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Caring for Someone in Pain

Caring for Someone in Pain

When you are in pain, it can be difficult to focus on anything else; pain can affect every part of your life.  You may not be able to eat or sleep well.  You may not have the energy to do the things you enjoyed doing in the past.  You may not want to talk with loved ones or maintain your relationships.  Your pain may consume your daily life.  Physical pain can take away peace of mind, comfort, enjoyment and most of all hope.

The Truth about Pain

Some people think that pain is a natural part of aging or illness - that is a myth. There is almost always a reason for the pain and most physical pain can be managed.   Learning the truth about pain and what you can do to manage your pain can help you focus on other parts of your life and enjoy your days. 

Pain at the End of Life

Pain associated with a life-limiting illness or at the end of life requires special attention and can best be treated by a palliative care or hospice provider. Palliative care and hospice providers are not only experts at physical pain control at the end of life, but are compassionate professionals who can help bring peace and comfort to the last months and weeks of life.

Just as pain at earlier times in life may be both physical and emotional, this is also true for pain at the end of life.  Physical and emotional pain may increase as a person deals with challenges nearing the end of life can bring. There are financial affairs that may need attention; discussions about the kind of care needed and wanted; visits to spend time with loved ones; conversations to bring closure to any issues or relationship a person at the end of life may want to resolve and working through any fears that the end of life may bring.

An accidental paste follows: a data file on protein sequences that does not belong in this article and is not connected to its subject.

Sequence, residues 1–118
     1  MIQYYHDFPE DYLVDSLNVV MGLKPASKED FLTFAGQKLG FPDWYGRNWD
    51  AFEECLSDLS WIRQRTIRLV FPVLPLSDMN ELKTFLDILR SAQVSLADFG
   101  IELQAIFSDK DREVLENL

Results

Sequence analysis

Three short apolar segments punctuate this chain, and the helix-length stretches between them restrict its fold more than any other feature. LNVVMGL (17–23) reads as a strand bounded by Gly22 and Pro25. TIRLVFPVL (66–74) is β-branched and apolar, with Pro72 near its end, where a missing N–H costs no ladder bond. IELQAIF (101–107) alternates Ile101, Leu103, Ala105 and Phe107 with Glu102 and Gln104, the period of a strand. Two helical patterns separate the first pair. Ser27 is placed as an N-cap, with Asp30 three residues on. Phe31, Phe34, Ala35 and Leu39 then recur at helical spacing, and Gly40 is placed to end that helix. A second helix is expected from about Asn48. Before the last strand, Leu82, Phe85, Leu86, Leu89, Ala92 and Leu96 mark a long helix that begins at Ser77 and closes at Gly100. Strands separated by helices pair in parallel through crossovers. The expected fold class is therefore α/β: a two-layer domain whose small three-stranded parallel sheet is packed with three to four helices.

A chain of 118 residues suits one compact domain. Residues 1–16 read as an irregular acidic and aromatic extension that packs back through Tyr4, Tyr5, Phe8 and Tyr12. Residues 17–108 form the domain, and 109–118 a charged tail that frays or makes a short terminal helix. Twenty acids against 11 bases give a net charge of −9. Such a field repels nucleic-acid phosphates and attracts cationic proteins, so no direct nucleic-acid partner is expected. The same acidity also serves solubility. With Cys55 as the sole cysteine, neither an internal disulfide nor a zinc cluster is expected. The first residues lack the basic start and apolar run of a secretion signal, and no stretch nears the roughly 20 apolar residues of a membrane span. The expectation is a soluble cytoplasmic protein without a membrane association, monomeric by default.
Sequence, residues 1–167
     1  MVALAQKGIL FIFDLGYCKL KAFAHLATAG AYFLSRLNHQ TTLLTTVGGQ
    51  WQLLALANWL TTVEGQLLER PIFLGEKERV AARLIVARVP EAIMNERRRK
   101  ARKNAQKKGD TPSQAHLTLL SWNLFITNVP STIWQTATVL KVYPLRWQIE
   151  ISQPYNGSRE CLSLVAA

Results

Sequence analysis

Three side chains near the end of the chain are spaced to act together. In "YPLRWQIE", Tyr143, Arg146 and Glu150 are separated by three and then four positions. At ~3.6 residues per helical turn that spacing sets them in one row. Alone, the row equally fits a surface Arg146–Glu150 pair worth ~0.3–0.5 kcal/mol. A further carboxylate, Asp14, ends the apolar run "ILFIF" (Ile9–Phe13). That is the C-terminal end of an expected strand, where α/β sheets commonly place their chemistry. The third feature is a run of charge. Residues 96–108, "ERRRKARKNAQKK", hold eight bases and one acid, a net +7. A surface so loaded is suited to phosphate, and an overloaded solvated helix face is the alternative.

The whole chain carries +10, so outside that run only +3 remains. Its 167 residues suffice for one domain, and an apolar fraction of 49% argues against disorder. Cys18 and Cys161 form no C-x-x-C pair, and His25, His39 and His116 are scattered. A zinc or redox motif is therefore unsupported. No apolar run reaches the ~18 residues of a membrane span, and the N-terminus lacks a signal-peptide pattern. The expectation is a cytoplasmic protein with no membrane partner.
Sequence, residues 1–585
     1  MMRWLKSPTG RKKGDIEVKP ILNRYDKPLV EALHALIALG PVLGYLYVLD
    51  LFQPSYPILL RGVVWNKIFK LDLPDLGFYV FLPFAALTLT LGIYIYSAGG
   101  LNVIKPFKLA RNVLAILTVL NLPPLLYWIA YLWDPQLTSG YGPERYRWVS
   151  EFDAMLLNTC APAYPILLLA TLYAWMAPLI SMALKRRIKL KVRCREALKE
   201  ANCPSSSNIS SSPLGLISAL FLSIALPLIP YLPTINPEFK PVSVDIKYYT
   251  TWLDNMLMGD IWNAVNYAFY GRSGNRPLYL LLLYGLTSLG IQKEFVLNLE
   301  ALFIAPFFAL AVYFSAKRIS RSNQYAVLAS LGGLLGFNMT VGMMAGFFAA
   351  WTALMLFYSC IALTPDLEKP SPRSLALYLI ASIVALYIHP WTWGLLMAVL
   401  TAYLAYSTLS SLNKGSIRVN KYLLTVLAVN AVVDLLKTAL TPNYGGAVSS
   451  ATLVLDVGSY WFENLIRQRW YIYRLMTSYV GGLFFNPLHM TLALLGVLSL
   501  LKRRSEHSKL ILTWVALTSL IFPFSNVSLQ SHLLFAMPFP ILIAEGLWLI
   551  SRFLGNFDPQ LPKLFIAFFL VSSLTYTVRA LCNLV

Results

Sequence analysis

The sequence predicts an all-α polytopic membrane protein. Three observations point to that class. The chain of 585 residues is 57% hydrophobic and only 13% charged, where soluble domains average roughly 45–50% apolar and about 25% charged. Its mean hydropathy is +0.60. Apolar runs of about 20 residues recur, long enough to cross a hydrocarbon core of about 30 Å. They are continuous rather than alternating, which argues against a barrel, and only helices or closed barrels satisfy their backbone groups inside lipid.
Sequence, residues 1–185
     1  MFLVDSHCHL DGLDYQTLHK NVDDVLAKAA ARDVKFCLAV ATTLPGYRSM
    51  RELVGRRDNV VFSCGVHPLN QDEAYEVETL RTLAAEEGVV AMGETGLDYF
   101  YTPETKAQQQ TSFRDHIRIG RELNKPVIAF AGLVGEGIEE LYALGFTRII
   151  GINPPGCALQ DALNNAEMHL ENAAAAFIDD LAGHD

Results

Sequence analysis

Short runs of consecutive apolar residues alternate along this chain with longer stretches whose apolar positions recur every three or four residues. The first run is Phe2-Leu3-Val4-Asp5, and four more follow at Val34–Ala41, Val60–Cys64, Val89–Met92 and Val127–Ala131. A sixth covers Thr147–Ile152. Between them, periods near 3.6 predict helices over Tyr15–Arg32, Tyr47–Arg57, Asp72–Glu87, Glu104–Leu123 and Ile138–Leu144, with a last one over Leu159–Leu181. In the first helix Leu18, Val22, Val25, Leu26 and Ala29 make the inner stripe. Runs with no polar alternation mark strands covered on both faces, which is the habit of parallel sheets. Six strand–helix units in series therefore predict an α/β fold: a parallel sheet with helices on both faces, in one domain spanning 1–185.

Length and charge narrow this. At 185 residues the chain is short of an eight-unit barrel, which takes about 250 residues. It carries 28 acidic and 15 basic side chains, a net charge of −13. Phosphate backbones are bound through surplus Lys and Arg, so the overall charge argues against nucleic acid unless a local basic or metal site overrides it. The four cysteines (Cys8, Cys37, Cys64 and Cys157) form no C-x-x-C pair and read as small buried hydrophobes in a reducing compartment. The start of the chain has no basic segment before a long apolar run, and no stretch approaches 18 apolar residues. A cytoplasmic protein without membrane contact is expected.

Physical pain and emotional pain at the end of life can best be addressed by working with a palliative care or hospice team.  The team will include professionals who are trained to help manage your physical and emotional pain so that the end of life is as comfortable as it can be.  The goal is to manage pain so the person receiving care can get on with the business of living and enjoy their days!

Using Pain Medications Safely

Learn about all of the pain treatment options that are available.  In addition to medication, complementary therapies such as massage and meditation may be helpful. 

Many people are concerned they will become addicted to pain medications or be ‘knocked out’.  Pain control does not lead to addiction nor is the goal to keep a person ‘knocked out’.  There is a difference between addiction, which is a psychological craving for medicine, and physical dependence. People who need opioids (narcotics) for a period of time may develop a physical dependence on the medicine, with uncomfortable symptoms, such as sweating, chills, and nausea, if the medicine is stopped suddenly. This is only a temporary situation that can be prevented by slowly reducing the medicine over a few days or a few weeks as directed by a physician.